The Treasure development partnership hopes to return to its discussions with the Park City Planning Commission late in the fall, more than four years after the talks were put on hold as City Hall leaders and the partnership attempted to reach some sort of conservation deal.

The partnership involves the Sweeney family, which is the historic owner of the Treasure acreage, and a firm called Park City II, LLC. Each has a 50 percent stake in the partnership.

Pat Sweeney, who has represented the family in the discussions with the Planning Commission, said in a message this week there is lots of material to prepare before the Treasure partnership appears again in front of the panel.

He said the Treasure developers are working with the Park City Planning Department and reacquainting themselves with planning-related issues. The Treasure side "will then crystallize its position on these" followed by comments from the Planning Department, Sweeney said.

"Once this process is complete, this package will be presented to the Planning Commission for consideration," the message said.

It said the Treasure partnership intends to update the project's website, treasureparkcity.com.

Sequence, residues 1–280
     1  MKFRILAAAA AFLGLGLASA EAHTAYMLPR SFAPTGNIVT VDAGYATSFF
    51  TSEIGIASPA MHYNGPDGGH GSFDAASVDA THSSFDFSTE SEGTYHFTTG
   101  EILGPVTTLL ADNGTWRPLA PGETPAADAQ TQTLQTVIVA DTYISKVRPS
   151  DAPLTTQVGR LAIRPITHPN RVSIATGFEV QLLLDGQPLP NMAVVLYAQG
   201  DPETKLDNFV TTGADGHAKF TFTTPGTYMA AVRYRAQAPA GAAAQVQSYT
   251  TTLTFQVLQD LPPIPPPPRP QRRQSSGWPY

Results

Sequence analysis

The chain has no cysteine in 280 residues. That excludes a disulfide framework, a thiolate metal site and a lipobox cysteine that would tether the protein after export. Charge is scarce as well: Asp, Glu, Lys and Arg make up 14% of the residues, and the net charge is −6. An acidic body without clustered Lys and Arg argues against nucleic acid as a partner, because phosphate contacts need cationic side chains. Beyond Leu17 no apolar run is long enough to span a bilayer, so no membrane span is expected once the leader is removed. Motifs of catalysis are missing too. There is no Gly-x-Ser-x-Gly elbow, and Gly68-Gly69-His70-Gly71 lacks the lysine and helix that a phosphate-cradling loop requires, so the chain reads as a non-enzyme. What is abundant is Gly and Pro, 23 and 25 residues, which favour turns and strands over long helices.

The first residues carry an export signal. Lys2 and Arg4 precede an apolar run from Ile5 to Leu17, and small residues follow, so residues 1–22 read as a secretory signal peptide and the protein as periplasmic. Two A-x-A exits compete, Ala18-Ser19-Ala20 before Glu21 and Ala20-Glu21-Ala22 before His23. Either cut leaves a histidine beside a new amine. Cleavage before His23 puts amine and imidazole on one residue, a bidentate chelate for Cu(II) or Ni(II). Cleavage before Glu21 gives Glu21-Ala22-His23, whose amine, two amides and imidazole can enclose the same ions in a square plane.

It appears there will be movement on Treasure in the coming months after the spring collapse of the discussions between the partnership and City Hall about a conservation deal. Those negotiations launched in the spring of 2010.


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Both sides in late March said the negotiations ended without a deal.

There has been significant turnover on the Planning Commission in the years since the panel was last heavily involved in Treasure, prior to the start of the negotiations in the spring of 2010.

The Treasure partnership is seeking an approval allowing approximately 1 million square feet of development on a hillside overlooking Old Town along the route of the Town Lift. The Sweeney family secured an overall development approval involving the Treasure acreage and nearby parcels in the 1980s. The partnership, though, must still win another important permit for the Treasure project itself.

People who live or have properties along streets like Empire Avenue and Lowell Avenue have been the chief opponents. They argue traffic headed to and from Treasure will overwhelm the streets and the Treasure buildings will loom over Old Town, among other issues.

The Treasure developers, though, counter that the traffic can be handled and the project will boost business on Main Street.